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How to convert the new digital on air signal for old tv system?

  1. Mar 22, 2013 #1
    I always record all my tv programs and watch it in much later time. I am actually like a year and half behind the current schedules ( I just started the 2011-2012 season!!). The advantages are I can skip commercials and the most important thing, I can watch the coat hanger season finale and watch the result without waiting!!!:rofl: Without a big antenna up on top of the roof, the tv reception in my area is bad. Currently I have Direct tv with 4 stations so I can set up to 4 DVD recorders at one time. But in reality, 90% of the show I watch are available on air. I am thinking about putting some money to install a roof antenna and buy a converter box so I can tape some of the show directly from air and cut down on the number of Direct tv stations as they raise the price for each additional station. I don't exactly want to get into DVR using hard drive as it is too important that I don't want to risk one hard disk failure and lost the whole season's recording, I rather have them in separate DVDs. So..........

    I want to install a new Digital antenna and convert the signal so I can use it for the older VCR and non HD DVD recorders. I know I need to first install a HD digital tv antenna, then buy a converter box.

    My question is if I have multiple VCRs and DVD recorders in different room, do I need to buy multiple converter boxes one for each room. How does the converter box work? Do you need to tune the converter box to particular channel to watch ( eg. channel 7 for ABC here). Or the converter box just convert the RF signals of all channels and feed it to the tv tuner, then you can tune to a particular channel with the VCR or tv.

    If I need one converter box in each room, then the cost is going to have to add on top of the antenna. I am first doing a cost analysis to see whether it's even worth considering.


  2. jcsd
  3. Mar 22, 2013 #2

    jim hardy

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    Digital TV mostly uses the old UHF frequencies plus some a bit higher.
    A very few stations stayed on their old VHF channels.
    So your old antenna will do fine.
    At my place in Idaho i made a simple folded dipole and mounted it to rooftop airconditioner unit. No holes in the roof.
    At those frequencies a half wave is only about ten inches. Used 1" PVC pipe and #10 solid copper wire, and a 300::75 ohm balun TV antenna transformer(50 cents at thrift shop, $5 at Radio shack).
    I made mine 3/2 wave for average of my local stations, because most of them were tolerably close in frequency. Folded dipole is fairly broad. That way it worked out ~1/2 wave for one of them that was way lower.
    My antenna is about 27 inches.
    Works great. Gets about ten stations.

    However - the TV stations kept their old channel number - the channel number is no longer associated with the frequency.
    So you need to find on web a listing of stations in your area and what is the actual frequency they broadcast on.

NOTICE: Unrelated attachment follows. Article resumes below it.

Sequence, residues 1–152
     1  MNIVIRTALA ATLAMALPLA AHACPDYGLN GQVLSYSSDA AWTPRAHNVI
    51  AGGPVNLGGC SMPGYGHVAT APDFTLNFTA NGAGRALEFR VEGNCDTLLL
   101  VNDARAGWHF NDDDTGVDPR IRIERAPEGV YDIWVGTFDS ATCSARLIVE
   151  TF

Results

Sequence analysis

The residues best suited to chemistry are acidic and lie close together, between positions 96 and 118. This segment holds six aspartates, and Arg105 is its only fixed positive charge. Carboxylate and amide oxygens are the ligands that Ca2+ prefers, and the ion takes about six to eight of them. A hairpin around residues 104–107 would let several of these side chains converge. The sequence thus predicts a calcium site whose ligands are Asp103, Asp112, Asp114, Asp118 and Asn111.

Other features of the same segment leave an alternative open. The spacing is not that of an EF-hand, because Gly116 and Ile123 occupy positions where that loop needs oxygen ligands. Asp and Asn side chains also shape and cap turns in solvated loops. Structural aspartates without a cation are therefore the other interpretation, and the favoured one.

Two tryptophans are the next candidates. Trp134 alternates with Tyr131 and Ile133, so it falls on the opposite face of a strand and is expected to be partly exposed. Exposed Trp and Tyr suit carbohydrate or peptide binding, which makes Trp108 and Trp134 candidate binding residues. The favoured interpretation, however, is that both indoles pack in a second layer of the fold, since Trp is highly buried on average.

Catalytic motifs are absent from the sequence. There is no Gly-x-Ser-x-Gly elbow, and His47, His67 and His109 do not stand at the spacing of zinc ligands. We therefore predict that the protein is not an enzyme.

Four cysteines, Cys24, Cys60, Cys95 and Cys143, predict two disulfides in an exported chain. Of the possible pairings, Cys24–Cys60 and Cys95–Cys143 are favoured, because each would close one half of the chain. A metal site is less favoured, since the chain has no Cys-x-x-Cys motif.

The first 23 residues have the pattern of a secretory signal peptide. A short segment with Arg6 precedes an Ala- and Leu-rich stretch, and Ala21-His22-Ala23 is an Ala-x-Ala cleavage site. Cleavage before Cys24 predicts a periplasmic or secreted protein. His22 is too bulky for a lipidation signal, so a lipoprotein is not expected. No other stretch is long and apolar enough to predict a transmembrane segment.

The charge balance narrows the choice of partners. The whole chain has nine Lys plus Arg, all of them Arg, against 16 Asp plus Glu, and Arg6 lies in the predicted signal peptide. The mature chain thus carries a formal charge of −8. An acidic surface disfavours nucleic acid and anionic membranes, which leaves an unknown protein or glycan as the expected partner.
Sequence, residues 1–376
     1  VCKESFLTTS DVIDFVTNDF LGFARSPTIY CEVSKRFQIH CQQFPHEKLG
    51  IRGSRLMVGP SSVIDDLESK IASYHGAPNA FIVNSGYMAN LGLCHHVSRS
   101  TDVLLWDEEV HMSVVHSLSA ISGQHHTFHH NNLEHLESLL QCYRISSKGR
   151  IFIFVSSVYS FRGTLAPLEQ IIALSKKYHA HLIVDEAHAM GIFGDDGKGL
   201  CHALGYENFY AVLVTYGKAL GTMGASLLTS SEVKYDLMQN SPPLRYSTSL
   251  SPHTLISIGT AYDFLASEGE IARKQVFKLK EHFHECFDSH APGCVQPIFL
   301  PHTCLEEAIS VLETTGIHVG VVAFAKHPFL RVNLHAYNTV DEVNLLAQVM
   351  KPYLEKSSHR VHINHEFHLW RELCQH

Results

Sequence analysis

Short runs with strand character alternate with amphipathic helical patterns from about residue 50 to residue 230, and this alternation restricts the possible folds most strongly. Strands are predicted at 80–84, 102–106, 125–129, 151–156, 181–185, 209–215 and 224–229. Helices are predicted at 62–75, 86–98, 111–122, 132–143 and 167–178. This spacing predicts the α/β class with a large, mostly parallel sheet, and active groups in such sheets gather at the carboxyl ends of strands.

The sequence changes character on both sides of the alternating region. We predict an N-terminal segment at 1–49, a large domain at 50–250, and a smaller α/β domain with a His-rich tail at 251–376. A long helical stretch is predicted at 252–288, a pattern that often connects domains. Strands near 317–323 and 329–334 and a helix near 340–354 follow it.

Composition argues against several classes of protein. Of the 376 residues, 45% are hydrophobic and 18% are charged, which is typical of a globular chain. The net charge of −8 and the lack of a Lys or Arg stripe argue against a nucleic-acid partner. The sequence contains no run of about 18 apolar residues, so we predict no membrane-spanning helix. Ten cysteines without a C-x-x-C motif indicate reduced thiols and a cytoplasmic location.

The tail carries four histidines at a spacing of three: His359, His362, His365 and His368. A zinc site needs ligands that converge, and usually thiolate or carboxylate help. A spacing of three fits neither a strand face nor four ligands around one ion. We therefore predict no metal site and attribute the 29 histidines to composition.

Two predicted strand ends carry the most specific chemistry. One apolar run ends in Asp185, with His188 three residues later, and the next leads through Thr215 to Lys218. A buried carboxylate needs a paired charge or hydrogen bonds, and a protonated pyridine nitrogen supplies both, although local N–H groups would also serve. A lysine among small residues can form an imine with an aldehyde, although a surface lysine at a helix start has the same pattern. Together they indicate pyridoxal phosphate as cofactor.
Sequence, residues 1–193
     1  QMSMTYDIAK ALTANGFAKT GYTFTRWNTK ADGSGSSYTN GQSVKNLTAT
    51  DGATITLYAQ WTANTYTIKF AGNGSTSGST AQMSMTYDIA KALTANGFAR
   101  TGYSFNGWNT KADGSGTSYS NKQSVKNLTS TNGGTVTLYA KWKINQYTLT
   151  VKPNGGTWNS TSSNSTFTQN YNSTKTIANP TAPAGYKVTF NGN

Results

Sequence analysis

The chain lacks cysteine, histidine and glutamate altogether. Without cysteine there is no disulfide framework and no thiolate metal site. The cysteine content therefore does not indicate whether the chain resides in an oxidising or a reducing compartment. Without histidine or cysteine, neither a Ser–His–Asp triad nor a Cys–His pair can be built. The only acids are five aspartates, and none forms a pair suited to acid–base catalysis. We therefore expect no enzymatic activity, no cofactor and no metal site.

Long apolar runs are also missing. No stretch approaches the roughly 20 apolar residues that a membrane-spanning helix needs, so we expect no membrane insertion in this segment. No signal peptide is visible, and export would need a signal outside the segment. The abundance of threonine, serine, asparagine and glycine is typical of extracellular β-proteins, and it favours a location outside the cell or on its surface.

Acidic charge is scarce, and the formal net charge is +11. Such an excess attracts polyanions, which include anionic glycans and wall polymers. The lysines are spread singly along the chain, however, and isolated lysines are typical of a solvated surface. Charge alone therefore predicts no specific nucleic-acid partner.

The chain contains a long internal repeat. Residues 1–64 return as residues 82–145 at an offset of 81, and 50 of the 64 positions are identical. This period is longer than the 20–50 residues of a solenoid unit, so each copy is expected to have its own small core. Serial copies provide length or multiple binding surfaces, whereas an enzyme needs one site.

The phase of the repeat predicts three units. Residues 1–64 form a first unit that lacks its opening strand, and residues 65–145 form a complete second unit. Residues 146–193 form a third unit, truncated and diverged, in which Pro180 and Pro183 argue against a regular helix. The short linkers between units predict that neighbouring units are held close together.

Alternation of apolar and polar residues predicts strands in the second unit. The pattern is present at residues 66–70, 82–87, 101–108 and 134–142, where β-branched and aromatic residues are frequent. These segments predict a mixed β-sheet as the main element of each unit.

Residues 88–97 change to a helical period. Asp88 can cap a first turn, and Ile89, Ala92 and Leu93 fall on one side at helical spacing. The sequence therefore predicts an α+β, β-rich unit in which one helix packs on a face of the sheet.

This site used to be great. Not what it used to be but I just tried it - give it your address and it tells you what direction to the stations and gives both their true RF channel number and the channel number they pretend to be.


    Google used to have a page for aiming your antenna that gave you a satellite view of your house with pointers to local stations but I cannot find it anymore.

    In my neck of the woods, old channel 19 is now on RF channel 20 but channel 8 stayed on RF channel 8 . So here in Arkanasas I still need a looonnggg antenna.

    I had a $39 GE converter box that scans and tells you what actual frequencies it found stations on.
    The converter box receives one channel and puts out RF or NTSC composite.. You tune it with a remote. If you find a box with buttons it's handy because the remotes always hide someplace.

    You might find your local channel seven on the old channel 7 VHF frequency
    or you might find it anywhere else.

    If antennaweb isn't helpful, try these...

    this one looks pretty good ! gives same as antennaweb but easier.



    good luck

    old jim
  4. Mar 22, 2013 #3
    Thanks Jim for all the info.

    I don't have an antenna on the roof, so that money has to be spent. From what you described, the converter box actually is the one to tune to the specific channel. This mean if I have 4 recorder stations, I do need 4 individual converters to tune to 4 individual channel.
    Last edited: Mar 22, 2013
  5. Mar 22, 2013 #4

    jim hardy

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    Yes, I am unaware of a tuner that'll receive multiple channels at once.
    Check local thrift shops.

    Don't buy an expensive antenna until you experiment. Mine cost under $10 buying everything new at Ace hardware.
    Reception was iffy indoors so I put it on the roof. Used conduit clamps to mount it. The 50 foot cable cost way more than the antenna...
    The neighbors were awed - they have expensive manufactured yagis and no better reception.
    Unless you're way out in the fringe , keep it simple...

    have fun - I sure did.
    Last edited: Mar 22, 2013
  6. Mar 23, 2013 #5
    Ha ha!!! I am extremely afraid of height. In my book, they earn the money!!! I know indoor won't work as I tried before they change the system, so it has to be up 20ft high on the chimney above the second floor!!:eek:

    Thanks for the info, now I know a lot better how much it will cost......say $250 for the antenna installation, $40 per station. Most likely they are going to piggy back the signal into the coax of the Direct TV.


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